The last B.P.R.D. volume saw some big changes within the group and nothing slows down in this one. In spite of the Bureau’s plan to get ahead of the frogs by taking up a new, western stronghold, the frog invasion continues and continues to ramp up on a greater and greater scale, aided by a new ally.
Roger enters a new phase in this book. Daimio has really imprinted on him. Almost overnight he becomes a cigar chewing hardcase and a leader of men. We’re introduced to the new Roger right away, when he and Daimio lead a Liz and a group of Bureau security operatives (I don’t think I’ve ever seen an official term for their foot soldiers) into a sewer to take out a nest. They discover some frogs who have become little more than giant, swollen egg sacs, filled with tadpoles. This is interesting. Up to this point the only time we’ve seen new frogs is when someone has been transformed. Now we see that the frogs themselves reproduce and, given the size of the egg sacs, it is possible that few of the frog men the Bureau are fighting were ever anything but frogs. A few of the tadpoles survive. They fall through a grate, where they are scooped up by a man in a hazmat suit and put into a medical samples case. The case is labelled ‘Zinco.’
Roderick Zinco may be gone, but his company is back in the game. Once again it is playing Hydra to the Bureau’s S.H.I.E.L.D. (though the Bureau itself seems blissfully unaware of its supplier’s hidden agenda). Zinco is now headed by a man named Pope, who is burning through company resources in an effort to become the leader of the frog men. To that end he has gone to considerable lengths to study them. Capturing and observing live specimens. Working to understand and communicate with them. Reading these pages I was struck by an obvious question: why isn’t the Bureau doing this? Perhaps its an organizational culture inherited from Bruttenholm, one of dusty libraries and séances. Or maybe they have so many humanized ‘monsters’ working with them that they feel that fighting and killing is one thing, but treating them like lab rats is just too inhumane. Interestingly, the head of Zinco’s research is named Marsten. I don’t know why they’d name a character after Wonder Woman’s creator. It could be a coincidence, or there could be a backstory we haven’t heard yet.
Another backstory we haven’t heard is the Black Flame’s. In the previous trade, Johann is seen flipping through a photo album of World War Two era occult villains. One is labelled ‘The Black Flame.’ Maybe Pope has some connection. Maybe the frogs do. Whatever the case is, Pope re-creates this persona in his plan to take over the leadership of the frogs. In the meantime, he isn’t ignoring the Bureau. One of his first acts as the Black Flame is to lead the frogs in a battle against Roger and a group of security men. Its a trap with no survivors. Even Roger is left looking like a piece of broken statuary.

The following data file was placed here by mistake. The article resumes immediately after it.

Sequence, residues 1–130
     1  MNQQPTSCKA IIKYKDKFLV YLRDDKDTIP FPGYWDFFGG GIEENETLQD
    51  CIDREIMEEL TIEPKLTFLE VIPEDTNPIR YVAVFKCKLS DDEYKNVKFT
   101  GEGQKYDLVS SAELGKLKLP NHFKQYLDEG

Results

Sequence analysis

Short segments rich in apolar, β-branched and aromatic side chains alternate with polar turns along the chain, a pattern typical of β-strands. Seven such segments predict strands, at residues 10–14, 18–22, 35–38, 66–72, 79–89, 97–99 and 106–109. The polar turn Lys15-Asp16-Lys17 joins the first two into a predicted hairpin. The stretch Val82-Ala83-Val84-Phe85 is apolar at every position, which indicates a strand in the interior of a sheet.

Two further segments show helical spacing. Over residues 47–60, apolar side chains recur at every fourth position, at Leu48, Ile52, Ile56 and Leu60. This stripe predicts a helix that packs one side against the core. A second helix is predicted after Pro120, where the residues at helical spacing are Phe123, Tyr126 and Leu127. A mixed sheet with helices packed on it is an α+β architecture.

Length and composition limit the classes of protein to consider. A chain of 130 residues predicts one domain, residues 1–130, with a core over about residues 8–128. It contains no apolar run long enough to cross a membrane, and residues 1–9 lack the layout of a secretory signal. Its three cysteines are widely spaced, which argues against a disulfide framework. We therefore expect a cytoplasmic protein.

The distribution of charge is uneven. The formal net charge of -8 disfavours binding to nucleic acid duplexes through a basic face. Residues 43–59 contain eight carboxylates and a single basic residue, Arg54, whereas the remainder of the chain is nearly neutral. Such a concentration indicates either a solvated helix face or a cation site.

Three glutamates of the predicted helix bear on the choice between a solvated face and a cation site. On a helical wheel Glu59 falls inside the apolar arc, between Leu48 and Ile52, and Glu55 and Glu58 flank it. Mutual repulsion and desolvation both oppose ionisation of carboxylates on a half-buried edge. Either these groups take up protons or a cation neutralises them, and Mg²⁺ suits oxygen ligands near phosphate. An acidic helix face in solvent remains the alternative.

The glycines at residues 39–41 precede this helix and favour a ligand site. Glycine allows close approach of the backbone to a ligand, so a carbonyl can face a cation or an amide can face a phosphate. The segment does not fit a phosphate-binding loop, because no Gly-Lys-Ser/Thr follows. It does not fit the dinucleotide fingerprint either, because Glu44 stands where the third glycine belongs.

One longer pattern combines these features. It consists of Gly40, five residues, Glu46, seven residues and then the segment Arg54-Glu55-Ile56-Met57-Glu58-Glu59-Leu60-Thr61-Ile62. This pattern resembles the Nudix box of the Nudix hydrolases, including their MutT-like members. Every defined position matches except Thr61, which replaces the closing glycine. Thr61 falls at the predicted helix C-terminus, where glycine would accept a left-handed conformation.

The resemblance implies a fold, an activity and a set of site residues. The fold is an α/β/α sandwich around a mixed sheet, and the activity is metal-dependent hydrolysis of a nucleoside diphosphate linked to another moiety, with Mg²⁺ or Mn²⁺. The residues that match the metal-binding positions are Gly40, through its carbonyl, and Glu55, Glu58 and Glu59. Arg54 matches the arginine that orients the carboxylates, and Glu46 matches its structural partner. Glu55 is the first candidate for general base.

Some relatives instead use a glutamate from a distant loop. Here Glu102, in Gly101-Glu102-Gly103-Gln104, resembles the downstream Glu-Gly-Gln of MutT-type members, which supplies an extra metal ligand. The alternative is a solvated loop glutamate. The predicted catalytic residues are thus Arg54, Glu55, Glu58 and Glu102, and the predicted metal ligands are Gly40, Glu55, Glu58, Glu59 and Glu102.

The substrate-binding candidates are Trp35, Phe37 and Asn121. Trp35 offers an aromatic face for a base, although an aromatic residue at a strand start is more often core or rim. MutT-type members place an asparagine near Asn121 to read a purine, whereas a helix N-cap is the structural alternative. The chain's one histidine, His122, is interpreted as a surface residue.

If Roger’s storyline is ending, Liz is beginning a new one. It begins in Montana, where an old woman hands her a lotus blossum. She passes out. Swoons, really. And for the first time enters a waking dream state where she meets a, as yet unidentified, man dressed as a Chinese Mandarin. At least as imagined by Sax Rohmer. These visions become increasingly important. In this trade alone she learns several important things during them. After one she wakes in a coughing fit and brings up a scroll one which is written the name of a huge beast ravaging the American west. So huge is dwarfs traditional giant monsters like Godzilla or King Kong. Katha-Hem. The scroll isn’t in English and the name is recognized by Professor O’Donnell. O’Donnell seems to know a lot more than he’s ever given the opportunity to tell us. He needs to be sedated and questioned thoroughly. The doctor’s response to the coughed up scroll? “That’s unusual.” That’s unusual?! Another vision shows Liz the tool needed to destroy Katha-Hem. Its something Roger picked up in a previous story, but was never remarked on. Roger was always picking things up. A little Palaeolithic tool that Liz sees used in a vision. Using it she unleashes a force that saves the day, and destroys the dreams of the Black Flame.
Whatever Pope thought would happen once he became the Black Flame, he soon understands that he is only a pawn. He thought the power of Katha-Hem would be his to wield, but really his flame was meant to be a beacon for Katha-Hem. He thought he was using the frogs, but the frogs were using him. Once this revelation hits him, he is reduced to a pathetic child and carried off by the frogs.
Despite their great victory, things at the Bureau aren’t any happier. A lot of people blame themselves for Roger’s death. Abe thinks the funk he’s been in since learning of his wife put Roger out in the field more often than he was ready for. Daimio thinks his example was the problem. Johann is incensed at what he sees as the lack of respect given Roger’s remains by the lab boys. Johann refuses to see his friend as dead. Unfortunately, that says more of his ectoplasmic state than it does Roger’s.
The Black Flame is an interesting book, and so much happens so quickly you have to wonder if Mignola and Arcudi are trying to see just how far they push things with each issue. Will the pace continue? How far can they push it? The Bureau isn’t a secretive organization, as it is in the movies, but it had operated in the shadows until now. It was the thing that bumped back at the things that bumped in the night. With the scope taken in this volume, that’s not really going to be possible any more and I think there’s going to be a steep learning curve ahead. As this book closes, however, I think everyone is just trying to catch their breath.